Roger Galatas Interests

Available Properties

Overview

Houston Chronicle
Roger Galatas helps link the past, present and future of The Woodlands

As The Woodlands marks its 40th year, few come close to telling story behind the community better than Roger Galatas . . .

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History of The Woodlands

Are you interested in the development history of The Woodlands?  The Woodlands Community Magazine recently ran a series of articles authored by Roger Galatas based on his popular book, “The Woodlands, The Inside Story of Creating a Better Hometown”, and other writings.  The articles provide a behind the scenes look at how George Mitchell’s successful community development initiative survived a challenging startup, including a brush with bankruptcy, to become a thriving community with international recognition where people live, work, play and learn. 

Read the stories about The Woodlands

Wizard of The Woodlands

No matter how much he accomplishes, Roger Galatas seems destined to work in the shadow of his boss, oilman George P. Mitchell. But the president of The Woodlands Corp. prefers it that way.

When asked if he has full control of The Woodlands Corp., Galatas answers, “I have all I need.” And when he is quizzed about Mitchell’s influence on how the company operates, Galatas responds, “George gives us a sense of direction about where we need to go, but it’s up to us on how we get there.

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Houston Chronicle
Mitchell provided the world an example in The Woodlands

George Mitchell's legacy long will resonate with those in the energy industry, real estate and anyone with a connection to Galveston. But the impact of his work will also be felt by families across the country who may never have heard his name.

These are families who live in master-planned communities that have been influenced by Mitchell's The Woodlands.

Mitchell, who died July 26 at age 94, welcomed those who wanted to learn what made his development unique.

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Big Builder
Texas Hold 'Em

Loblolly pines still tower above the gently rolling, wooded land you find some 30 miles north and west of Houston. After years of timbering, though, far more populous young pine trees shoot up amid hardwoods – oaks, gums and clusters of dogwoods that catch your eye in some sunlit glen, and etch their beauty into your memory of the topography. Unpaved timber trails snake through the woods and wetlands of Woodard Ranch, in southwest Montgomery County, about 12 miles north and west of Interstate 45. Even a Ford Expedition can get stuck in a bog on those timber roads. In fact, it happened to Roger Galatas a month or so ago, as he gave an executive tour of the 6,634-acre ranch to a party interested in bidding to buy it for development.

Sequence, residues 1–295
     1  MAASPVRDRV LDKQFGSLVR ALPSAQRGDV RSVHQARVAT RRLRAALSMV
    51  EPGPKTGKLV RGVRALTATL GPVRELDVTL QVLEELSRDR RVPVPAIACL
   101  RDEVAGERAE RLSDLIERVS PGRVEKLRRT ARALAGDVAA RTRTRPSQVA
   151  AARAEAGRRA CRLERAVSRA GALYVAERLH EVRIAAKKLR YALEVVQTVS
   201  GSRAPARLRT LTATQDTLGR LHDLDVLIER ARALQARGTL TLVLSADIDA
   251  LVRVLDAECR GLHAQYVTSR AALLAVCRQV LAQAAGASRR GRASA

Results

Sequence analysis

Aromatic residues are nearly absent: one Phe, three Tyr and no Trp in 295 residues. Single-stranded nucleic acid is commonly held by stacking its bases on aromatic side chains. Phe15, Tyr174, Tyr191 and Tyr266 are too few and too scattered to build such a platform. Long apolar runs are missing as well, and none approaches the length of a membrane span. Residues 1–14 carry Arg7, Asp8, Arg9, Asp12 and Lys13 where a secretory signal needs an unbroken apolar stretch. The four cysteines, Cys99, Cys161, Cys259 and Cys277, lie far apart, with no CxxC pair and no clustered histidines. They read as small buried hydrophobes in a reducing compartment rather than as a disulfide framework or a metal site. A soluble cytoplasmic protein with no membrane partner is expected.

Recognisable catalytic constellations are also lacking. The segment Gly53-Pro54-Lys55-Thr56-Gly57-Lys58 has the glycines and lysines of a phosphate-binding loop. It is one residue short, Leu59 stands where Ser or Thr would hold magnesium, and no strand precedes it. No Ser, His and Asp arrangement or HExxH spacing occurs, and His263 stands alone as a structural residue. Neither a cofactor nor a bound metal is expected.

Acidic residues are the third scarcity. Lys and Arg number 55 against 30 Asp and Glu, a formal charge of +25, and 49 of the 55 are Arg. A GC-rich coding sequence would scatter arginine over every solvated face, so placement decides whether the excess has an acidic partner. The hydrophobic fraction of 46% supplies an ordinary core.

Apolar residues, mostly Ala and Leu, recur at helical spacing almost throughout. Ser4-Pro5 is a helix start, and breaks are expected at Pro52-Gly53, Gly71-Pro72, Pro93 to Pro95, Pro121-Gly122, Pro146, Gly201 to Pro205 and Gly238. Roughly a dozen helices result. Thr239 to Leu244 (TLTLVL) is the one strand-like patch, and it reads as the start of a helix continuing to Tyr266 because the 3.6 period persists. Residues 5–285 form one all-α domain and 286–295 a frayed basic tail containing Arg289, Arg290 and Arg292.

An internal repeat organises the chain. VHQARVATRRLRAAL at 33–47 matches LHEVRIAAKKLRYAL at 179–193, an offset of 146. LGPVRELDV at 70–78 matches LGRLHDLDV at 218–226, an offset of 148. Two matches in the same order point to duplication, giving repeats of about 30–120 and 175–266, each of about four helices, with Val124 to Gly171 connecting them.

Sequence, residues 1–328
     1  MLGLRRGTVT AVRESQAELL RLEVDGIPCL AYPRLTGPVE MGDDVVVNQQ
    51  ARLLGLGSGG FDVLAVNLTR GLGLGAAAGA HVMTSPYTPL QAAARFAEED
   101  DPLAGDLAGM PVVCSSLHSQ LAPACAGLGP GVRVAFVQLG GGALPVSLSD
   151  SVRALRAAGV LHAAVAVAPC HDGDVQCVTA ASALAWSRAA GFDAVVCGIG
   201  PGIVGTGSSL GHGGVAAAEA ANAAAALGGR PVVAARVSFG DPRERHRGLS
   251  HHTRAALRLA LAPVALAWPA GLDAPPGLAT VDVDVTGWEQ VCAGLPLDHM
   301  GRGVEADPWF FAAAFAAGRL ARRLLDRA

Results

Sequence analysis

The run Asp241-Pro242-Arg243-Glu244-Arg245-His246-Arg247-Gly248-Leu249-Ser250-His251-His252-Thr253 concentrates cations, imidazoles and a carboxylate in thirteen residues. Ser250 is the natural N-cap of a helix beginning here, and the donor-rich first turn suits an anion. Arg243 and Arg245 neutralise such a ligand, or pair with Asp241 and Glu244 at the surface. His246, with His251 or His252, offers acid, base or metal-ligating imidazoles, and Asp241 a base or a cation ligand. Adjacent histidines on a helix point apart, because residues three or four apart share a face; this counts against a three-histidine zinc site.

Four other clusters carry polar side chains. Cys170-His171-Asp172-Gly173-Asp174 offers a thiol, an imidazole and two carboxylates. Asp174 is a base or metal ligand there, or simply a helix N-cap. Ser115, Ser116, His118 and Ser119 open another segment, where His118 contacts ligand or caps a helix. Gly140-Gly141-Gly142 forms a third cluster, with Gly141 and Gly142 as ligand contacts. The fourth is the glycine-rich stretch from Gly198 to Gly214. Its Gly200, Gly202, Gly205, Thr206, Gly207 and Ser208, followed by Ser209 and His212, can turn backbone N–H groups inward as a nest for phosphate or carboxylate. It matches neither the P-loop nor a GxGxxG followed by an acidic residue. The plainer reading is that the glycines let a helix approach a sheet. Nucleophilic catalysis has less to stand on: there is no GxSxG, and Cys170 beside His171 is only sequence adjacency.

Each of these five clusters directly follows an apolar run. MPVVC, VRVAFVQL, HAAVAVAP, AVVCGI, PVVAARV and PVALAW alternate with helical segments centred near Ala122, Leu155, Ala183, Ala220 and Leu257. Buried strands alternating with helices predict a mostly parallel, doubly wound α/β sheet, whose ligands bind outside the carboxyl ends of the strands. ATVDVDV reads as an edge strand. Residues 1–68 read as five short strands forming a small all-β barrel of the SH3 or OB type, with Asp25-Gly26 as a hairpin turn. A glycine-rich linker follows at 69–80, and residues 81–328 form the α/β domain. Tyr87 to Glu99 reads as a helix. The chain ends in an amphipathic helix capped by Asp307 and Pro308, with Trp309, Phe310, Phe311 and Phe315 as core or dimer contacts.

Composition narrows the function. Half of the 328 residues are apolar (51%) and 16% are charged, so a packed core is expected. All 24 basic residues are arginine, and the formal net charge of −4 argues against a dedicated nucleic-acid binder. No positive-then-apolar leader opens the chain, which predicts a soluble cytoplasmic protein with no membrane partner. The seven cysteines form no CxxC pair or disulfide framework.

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Houston Chronicle
Editorial on George Mitchell by Jim Barlow and Roger Galatas

Business people are getting a bad rap these days. Much of it is deserved. We’ve seen the list of incompetent, failed and even crooked executives on the daily pages of this newspaper. But those headlines obscure the facts.  The great majority of people running businesses large and small are competent and honest. Some are even brilliant. One of the best examples of that brilliance can be found here in Houston in the person of George P. Mitchell.

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Tradition Bound

A new $1.7 billion, 4,600-acre master-planned community called Tradition is underway on the Gulf Coast near the towns of Biloxi and Gulfport in Harrison County, Mississippi. Tradition’s developers say they are capitalizing on an unprecedented boom along the Mississippi Gulf Coast and the area’s emergence as the third-ranked casino gaming destination in the country. Harrison County draws approximately 20 million tourists each year, and Fodor’s Travel named the Mississippi Coast among its top ten destinations for 1999.

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Houston Chronicle
Old problem: taming new sprawl

Along roadways around Houston the landscape is changing in a way that is worrisome. Closely spaced houses replace trees and open fields in many areas. More houses each day. New billboards advertise our future.

But let's also recognize that the Houston region is rich in resources — with talented, caring people, attractive centers of commerce and many neat neighborhoods. For most, this is — and will continue to be — a great place to live and work.

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